Why should the banking business be limited to those with sufficient political influence to get state charters? Raguet asked.  Entry should be free as in any other enterprise.  In a “free banking” system the market would quickly curtail abuses.

Raguet showed his insight and adherence to principle most saliently during the 1830’s controversy over the national bank, when he exposed the shallow reasoning and vested interests that characterized both the Whig proponents and the Democratic opponents of the national bank.  The Second Bank of the United States (1816-36) was, like the later Federal Reserve, unconstitutional and a grant of too much power to a government-affiliated but private corporation.  The Bank enjoyed the lucrative monopoly of serving by law as the government’s banker.  Most of the time, however, the Bank was under able and responsible direction.  Its notes were at par, providing a reliable currency, and by grading the paper of other banks it provided a valuable check on fractional-reserve abuses.

President Jackson blamed the Bank for his personal losses when it had tried to curb inflation in the Panic of 1819.  He also thought, with justification, that the Bank was wielding political influence against him.  He declared that the Bank was trying to kill him, but that he would kill it first.  All of Jackson’s major presidential actions were motivated by personal animosity, despite the highly inventive efforts of historians like Arthur Schlesinger and Robert Remini to portray them as ideological precursors of the New Deal.

In 1832 Jackson vetoed a renewal of the Bank’s charter that had been passed by his opponents and denounced the Bank as a bastion of aristocratic privilege.  The next year he went further.  By executive decree he removed all of the government’s money from the Bank, where it rested by law.  This action was clearly illegal, and three secretaries of the treasury refused to carry it out, until one was found who would.  The first secretary to refuse was William J. Duane, a member of Raguet’s Philadelphia free-market circle.  Duane observed that the President did not know what he was doing and was being manipulated by Vice President Martin Van Buren in the interest of New York bankers who resented the national bank’s power to curtail their credit expansion.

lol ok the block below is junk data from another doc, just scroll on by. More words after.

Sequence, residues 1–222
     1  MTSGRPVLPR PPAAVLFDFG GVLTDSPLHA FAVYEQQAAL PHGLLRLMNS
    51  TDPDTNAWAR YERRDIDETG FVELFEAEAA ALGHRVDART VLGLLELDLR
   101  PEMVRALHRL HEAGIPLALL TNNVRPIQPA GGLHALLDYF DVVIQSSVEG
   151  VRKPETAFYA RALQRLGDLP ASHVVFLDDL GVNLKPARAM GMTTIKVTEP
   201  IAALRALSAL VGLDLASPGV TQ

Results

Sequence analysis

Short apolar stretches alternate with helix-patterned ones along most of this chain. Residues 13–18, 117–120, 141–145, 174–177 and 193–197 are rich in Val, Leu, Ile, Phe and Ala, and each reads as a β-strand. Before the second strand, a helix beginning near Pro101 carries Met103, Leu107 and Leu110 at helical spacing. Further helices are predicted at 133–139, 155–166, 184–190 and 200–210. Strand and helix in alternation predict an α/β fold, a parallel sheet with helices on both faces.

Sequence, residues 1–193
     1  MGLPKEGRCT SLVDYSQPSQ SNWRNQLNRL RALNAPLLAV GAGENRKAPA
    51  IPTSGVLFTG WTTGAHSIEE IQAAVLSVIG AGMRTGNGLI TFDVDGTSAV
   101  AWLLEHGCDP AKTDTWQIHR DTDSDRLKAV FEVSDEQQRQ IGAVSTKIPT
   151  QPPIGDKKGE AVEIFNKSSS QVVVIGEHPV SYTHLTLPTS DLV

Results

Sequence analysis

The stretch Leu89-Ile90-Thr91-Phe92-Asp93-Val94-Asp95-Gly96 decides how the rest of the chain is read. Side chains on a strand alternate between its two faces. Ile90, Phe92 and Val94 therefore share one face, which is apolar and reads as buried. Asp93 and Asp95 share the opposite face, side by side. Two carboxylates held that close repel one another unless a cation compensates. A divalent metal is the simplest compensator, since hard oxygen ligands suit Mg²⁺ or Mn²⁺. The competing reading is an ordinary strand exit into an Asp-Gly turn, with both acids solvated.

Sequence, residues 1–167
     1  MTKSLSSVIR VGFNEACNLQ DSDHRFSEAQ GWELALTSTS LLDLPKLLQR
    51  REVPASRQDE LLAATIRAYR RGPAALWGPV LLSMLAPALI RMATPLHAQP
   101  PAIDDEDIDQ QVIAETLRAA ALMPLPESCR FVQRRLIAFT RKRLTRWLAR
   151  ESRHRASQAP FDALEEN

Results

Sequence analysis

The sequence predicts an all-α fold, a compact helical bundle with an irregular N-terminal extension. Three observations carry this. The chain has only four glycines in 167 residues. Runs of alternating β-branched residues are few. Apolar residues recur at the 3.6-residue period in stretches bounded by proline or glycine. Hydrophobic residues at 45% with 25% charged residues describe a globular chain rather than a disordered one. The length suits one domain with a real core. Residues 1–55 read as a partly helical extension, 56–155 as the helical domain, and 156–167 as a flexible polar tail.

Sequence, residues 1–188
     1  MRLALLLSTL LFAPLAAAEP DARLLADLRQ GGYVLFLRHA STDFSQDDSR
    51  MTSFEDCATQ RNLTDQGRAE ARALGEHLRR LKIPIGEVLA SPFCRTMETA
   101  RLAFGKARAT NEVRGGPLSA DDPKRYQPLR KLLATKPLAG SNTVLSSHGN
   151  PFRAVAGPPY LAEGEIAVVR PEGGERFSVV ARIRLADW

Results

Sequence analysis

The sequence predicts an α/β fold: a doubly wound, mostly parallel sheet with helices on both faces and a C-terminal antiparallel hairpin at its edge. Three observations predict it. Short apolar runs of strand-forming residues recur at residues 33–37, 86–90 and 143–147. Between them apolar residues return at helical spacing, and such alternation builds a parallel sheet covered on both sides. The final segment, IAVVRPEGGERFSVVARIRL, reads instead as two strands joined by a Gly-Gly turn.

Jackson then placed the federal funds in a collection of state banks selected by his administration.  This was entirely outside the law and was considered a dangerous accretion of executive patronage.  Jackson was censured by the Senate.  Worse, the favored “pet” banks grasped the opportunity of government backing to churn out paper, resulting in an inflation that brought the bust—the Panic of 1837.  Jackson made the mess that he had created worse by the Specie Circular, which terminated acceptance of banknotes by the government.

Andrew Jackson may have believed that he was striking a blow for sound money based on gold and silver, and he is sometimes still praised for that.  His “bank war,” however, was anything but.  Raguet wrote that “Jackson affects to dread a monied aristocracy; he complained of the corruption of one bank, and yet takes forty or fifty irresponsible paper-circulating banks under the national wing.”  Raguet and his followers were far better “Jacksonian Democrats” than those politicians and thinkers who have been praised by historians as heroes of the people.  But his wisdom had limited impact on the propaganda war between Whig national bankers and Democratic state bankers—a conflict that continued up to the Civil War.

The Lincolnians made into permanent policy everything that Raguet had deplored—a high tariff, a privileged group of national banks that anticipated the Federal Reserve, corporate subsidies, public debt, vast federal spending and patronage, inflated currency, and the steady importation of cheap labor.  State capitalism (private ownership and profit with government support) became the American regime.  Raguet had made a good case in favor of America’s free institutions, but that case has been, not surprisingly, trumped by that near-universal love of money.